PITTSFORD, N.Y. — On four occasions in 2012, Jim Furyk woke up on Sunday morning with the lead in a PGA Tour event and 18 holes left to play. He went out and won none of them.
Furyk also coughed up a late lead last year in his Ryder Cup singles match, when he bogeyed the last two holes against Sergio Garcia to gift a pivotal point toward Europe’s eventual 1-point win.
Ongoing trend, or buried and forgotten? We’ll find out on Sunday, when Furyk attempts to maintain the advantage he’s built after three rounds of the 95th PGA Championship at Oak Hill Country Club. It’s the slimmest of margins, just one shot over Jason Dufner, after both players gutted out impressive pars at the last hole, playing in the day’s final two groups.
Furyk made a 12-footer from the fringe on No. 18, the last stroke in a 2-under-par 68. Dufner overcame a drive into the heavy right rough a few minutes later, knocking in an 8-footer that hung on the right edge long enough that Dufner started walking toward it. Then the ball disappeared, giving Dufner a 71 and a spot opposite Furyk in Sunday’s last pairing.
In Dufner’s favor, and everyone else’s chasing Furyk: Only once in the past five years has the 54-hole leader at the PGA gone on to win. That was a year ago, when Rory McIlroy turned a three-shot lead into a record eight-shot win.
A pair of Swedes, Henrik Stenson (69) and Jonas Blixt (66), will be in the next-to-last group. Stenson is two shots back, Blixt three; they’ll attempt to become the first male golfer from Sweden to win a major championship.
Furyk is looking to win his second. He captured the 2003 US Open at Olympia Fields outside Chicago, and Oak Hill’s setup this week has reminded some of a traditional US Open course, which suits Furyk’s game well: Fairways must be hit, 6-footers must be holed, pars are good.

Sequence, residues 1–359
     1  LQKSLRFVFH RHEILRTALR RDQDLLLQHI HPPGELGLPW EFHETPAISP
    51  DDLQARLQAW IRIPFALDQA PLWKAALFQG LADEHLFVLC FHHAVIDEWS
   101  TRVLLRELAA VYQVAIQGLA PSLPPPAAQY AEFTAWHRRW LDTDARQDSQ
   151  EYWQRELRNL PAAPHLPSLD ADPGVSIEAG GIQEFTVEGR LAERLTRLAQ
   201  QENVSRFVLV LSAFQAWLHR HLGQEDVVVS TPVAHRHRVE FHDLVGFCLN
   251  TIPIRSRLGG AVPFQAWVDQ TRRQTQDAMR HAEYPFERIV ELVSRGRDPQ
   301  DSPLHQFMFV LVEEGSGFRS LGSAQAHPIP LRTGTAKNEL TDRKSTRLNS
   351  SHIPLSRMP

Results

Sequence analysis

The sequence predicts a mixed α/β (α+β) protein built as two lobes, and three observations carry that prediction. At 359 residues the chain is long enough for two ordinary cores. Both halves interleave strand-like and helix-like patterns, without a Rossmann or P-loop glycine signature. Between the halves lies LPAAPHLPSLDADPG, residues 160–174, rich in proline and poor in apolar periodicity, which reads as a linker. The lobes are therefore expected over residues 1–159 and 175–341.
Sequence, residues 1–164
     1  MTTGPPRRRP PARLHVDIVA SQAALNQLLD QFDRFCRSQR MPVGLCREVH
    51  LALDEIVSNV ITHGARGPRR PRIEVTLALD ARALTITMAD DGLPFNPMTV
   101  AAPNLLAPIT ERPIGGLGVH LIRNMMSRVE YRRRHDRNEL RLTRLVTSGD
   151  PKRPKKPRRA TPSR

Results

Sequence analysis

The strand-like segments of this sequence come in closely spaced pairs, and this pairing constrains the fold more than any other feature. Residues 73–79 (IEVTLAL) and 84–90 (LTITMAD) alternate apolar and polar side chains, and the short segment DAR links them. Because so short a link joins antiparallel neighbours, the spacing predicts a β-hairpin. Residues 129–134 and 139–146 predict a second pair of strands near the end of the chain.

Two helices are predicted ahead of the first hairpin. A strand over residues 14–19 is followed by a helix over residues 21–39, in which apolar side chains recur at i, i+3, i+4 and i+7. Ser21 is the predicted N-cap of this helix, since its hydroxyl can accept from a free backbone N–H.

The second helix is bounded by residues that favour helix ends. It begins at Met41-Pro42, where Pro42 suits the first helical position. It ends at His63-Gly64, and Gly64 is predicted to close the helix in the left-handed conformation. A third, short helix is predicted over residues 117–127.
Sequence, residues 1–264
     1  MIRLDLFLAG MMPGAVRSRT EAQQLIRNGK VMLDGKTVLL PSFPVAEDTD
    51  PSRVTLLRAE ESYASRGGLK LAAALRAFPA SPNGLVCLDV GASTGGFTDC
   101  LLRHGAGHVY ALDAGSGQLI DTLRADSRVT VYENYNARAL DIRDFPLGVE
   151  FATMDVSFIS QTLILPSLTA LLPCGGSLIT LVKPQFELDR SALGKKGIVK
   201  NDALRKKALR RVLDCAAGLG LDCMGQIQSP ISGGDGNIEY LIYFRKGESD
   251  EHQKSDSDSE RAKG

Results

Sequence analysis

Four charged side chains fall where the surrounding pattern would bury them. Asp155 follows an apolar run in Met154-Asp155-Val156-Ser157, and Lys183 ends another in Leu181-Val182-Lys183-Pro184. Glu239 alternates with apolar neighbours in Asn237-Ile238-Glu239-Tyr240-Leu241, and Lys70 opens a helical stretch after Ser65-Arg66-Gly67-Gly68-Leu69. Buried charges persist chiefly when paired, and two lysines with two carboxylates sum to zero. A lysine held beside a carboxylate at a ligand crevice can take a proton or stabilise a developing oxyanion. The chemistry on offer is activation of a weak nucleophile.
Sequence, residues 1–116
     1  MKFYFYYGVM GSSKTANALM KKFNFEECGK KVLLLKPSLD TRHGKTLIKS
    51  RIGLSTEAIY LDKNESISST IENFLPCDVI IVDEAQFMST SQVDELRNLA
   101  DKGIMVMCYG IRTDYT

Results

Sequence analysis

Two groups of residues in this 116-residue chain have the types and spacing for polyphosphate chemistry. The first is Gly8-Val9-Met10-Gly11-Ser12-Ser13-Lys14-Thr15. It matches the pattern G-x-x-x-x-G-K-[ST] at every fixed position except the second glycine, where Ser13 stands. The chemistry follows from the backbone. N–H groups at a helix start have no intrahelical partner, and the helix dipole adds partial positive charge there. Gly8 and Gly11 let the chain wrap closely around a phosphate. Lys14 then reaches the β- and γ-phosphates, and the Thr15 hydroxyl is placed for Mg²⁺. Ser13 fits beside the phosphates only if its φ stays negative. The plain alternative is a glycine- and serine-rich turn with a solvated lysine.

Birdies aren’t bad, either, and Furyk’s 3 at the par-4 17th hole deserves special mention. For someone who ranks 180th on the PGA Tour in driving distance, the thought of playing a 509-yard par 4 wouldn’t be met with much honest optimism. But Furyk’s a bulldog. He split the fairway, and then from 244 yards, knocked a fairway wood onto the green, 15 feet away. The birdie putt never left the hole, giving Furyk the outright lead at 9 under.
“I’m having fun with it, rather than getting tight,” Furyk said.
One of the 2012 tournaments Furyk let slip away was the US Open, which he led with three holes to play. Another was the Bridgestone Invitational, when he was in front with one to play. He also shared the third-round lead at the Tampa Bay Championship and the McGladrey Classic.
Furyk’s final-round scores in those four events weren’t bad — 69, 74, 69, 69 — but the end result wasn’t what he wanted. He’s still sitting on 16 PGA Tour titles and one major championship. He can change both on Sunday.
“I’ve been relaxed this week and felt very calm out there, and even when I haven’t hit good shots, I really haven’t let it bother me at all,” Furyk said. “That’s why on a bad start today, I was able to come back and turn it into a good round.”
Furyk bogeyed two of his first three holes, falling four shots behind Dufner, who couldn’t back up his course-record 63 on Friday with another under-par round. But Furyk made five birdies coming in, and when Dufner opened the door with a double bogey at 5, Furyk was the one to capitalize.
Dufner was steady after the early double, and played his final 10 holes 1 under. He’s looking for vindication, too: Two years ago at the PGA, he led after each of the last three rounds, before losing in a playoff. It’s the closest he’s come to winning a major.
“There’s a lot of guys that have a chance to win this tomorrow,” Dufner said. “You don’t have to play perfect to win these events. You’d like to play perfect, but I think patience is of the utmost importance on a Sunday in a major. I’m happy to be in the position I’m at, playing with Jim tomorrow.”
Beware the Swedes, though, especially Stenson, who has a third and two seconds in his last three events. He’s authored a courageous comeback after a swift fall down the world rankings. Two years ago, not eligible to play in the PGA, Stenson played in his club championship. He couldn’t even win that, so he’s come a long way.
Come Sunday night, Furyk is hoping to be able to say the same thing.
“People always ask: Would you rather be one ahead or one back? Well, I’d rather be one ahead,” Furyk said. “There’s going to be a winning score tomorrow, and whatever that score is, it means I don’t have to shoot as low as everyone else.
“There’s a crowded leader board at the top, and instead of really viewing it as who is leading and who is not, I’m really viewing it as I need to go out there tomorrow, put together a good, solid round of golf, fire a good number, and hope it stacks up well.”